Myanmar Mangrove Restoration
Mangroves forests are vital coastal plant communities that sequester carbon, protect coasts from natural disasters (tsunamis, storms and cyclones), provide fish stocks, food sources and firewood for local communities. Despite their crucial importance, over 1 million ha of mangroves have been lost in Myanmar since 1980.
Worldview International Foundation are aiming to bring back 4500ha of degraded lands in the Ayeyarwady Division of Myanmar by planting 11 million mangrove trees with the support of project originators. By using a unique planting technique that returns a 96% success rate for mangrove restoration, the project is tackling the root causes for local mangrove degradation by employing local communities in the mangrove plantations, investing in local education and infrastructure development and by raising awareness about the importance of mangroves amongst communities.
Why this project?
WIF believes that strengthening mangroves and blue carbon ecosystems like seagrasses and tidal marshes is of the utmost important for strengthening nature’s own resilience for climate balance. They have hence been the stalgard of mangrove restoration in Myanmar since 2012 building on years of experience in community conservation. They also offer project visualization through Open Forest satellite imagery where supporters are able to observe their trees via registered polygons.
Great for Earth
Mangroves exist in the interface between land and sea with associated ecosystems like mud flats, seagrass meadows, tidal marshes, coastal upland forests, peatlands, freshwater streams and rivers. Restoring mangroves in the Ayeyarwady delta is not just improving the conditions of the biodiversity, but rather the broader ecology of the region. Furthermore, the project expects improvement in the soil organic contents and mineral nutrition due to proper land management. Mangrove restoration will further increase fish resources by up to 50%, protecting lives and properties from extreme weather, providing cooling effects from mangrove trees and other vital ecosystem services.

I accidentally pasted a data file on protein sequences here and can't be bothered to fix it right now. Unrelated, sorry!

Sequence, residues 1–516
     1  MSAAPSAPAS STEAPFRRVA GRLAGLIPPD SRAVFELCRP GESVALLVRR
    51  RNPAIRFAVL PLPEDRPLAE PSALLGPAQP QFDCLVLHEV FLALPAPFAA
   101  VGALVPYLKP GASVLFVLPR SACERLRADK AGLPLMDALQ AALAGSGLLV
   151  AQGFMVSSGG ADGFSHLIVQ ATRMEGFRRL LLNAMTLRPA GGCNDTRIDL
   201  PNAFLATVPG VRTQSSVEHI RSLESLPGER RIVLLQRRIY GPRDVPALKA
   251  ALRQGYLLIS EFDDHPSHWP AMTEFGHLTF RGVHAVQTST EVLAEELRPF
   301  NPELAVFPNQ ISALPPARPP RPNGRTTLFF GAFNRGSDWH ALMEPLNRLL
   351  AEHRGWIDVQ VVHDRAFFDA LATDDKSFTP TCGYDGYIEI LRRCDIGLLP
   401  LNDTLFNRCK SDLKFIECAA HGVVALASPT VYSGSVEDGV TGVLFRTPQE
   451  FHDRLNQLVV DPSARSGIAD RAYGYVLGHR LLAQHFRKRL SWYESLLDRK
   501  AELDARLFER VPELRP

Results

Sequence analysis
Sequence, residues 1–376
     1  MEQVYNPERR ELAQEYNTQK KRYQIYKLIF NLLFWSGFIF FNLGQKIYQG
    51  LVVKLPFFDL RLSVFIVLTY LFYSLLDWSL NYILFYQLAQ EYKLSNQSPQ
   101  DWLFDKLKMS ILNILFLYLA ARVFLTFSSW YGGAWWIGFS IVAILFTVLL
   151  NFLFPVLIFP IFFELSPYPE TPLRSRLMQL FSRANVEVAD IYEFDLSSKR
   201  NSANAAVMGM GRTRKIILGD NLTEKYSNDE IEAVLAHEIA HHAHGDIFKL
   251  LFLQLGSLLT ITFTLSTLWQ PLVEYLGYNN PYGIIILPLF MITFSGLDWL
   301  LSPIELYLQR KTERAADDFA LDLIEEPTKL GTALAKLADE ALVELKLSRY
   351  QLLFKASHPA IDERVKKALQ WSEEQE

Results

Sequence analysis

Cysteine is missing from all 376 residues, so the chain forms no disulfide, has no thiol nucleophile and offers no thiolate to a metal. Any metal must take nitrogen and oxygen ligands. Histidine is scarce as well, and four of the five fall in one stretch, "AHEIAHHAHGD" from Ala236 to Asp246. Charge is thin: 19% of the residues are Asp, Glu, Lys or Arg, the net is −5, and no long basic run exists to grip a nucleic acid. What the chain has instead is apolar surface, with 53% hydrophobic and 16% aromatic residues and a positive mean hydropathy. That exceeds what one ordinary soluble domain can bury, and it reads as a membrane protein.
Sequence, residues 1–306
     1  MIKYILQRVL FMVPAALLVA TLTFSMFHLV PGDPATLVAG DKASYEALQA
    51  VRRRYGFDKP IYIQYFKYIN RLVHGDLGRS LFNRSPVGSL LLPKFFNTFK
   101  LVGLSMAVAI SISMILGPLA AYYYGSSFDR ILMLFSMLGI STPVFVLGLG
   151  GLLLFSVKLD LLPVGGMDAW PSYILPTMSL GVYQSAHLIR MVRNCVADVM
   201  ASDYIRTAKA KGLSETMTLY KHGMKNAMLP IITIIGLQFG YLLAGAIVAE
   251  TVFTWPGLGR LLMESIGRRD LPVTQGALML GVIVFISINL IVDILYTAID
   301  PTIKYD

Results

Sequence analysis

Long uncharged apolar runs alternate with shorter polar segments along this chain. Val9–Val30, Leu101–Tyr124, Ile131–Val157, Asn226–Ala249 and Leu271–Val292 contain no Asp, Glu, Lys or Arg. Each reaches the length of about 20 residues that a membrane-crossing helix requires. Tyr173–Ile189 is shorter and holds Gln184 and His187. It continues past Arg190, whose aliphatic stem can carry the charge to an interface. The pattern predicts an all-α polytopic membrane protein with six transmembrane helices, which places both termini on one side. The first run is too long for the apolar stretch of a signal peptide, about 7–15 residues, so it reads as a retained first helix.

However, the most important ecological role is its capacity to store long-term carbon within its soil sediments. Mangroves have the ability to store 3-4 times more carbon than tropical forests.Not surprisingly, this project is expected to sequester 9.4 million tCO2e over a period of 20 years.
Positive for People
Local communities are intrinsically dependent on the sustenance of mangrove forests. Destruction of mangroves directly threatens local livelihood through erosion and salt water intrusion in low lying agricultural land of seawater. At the foremost, mangrove restoration protects coastal communities from such risks, besides creating a substantial increase of sea food resources and livelihood opportunities for small-scale fishermen in the area.
Keeping the focus on social development, this project has a people-centric approach by including local participation in all stages of project development. The revenue generated from sale of credits is invested in basic infrastructure development, creation of scholarships for university studies to girls from poor families and distribution of cookstoves for local families. Additionally, 30% of the total project budget is directed towards public education, social mobilization, livelihood creation, micro-loans, cottage industries, aquaculture, distribution of solar lamps, and women's projects.
Over time, the project aims to employ more people in full-time positions for monitoring and conduction of mangrove plantation drives, besides increasing the focus of the project to include other ecosystems like seagrasses and tidal marshes.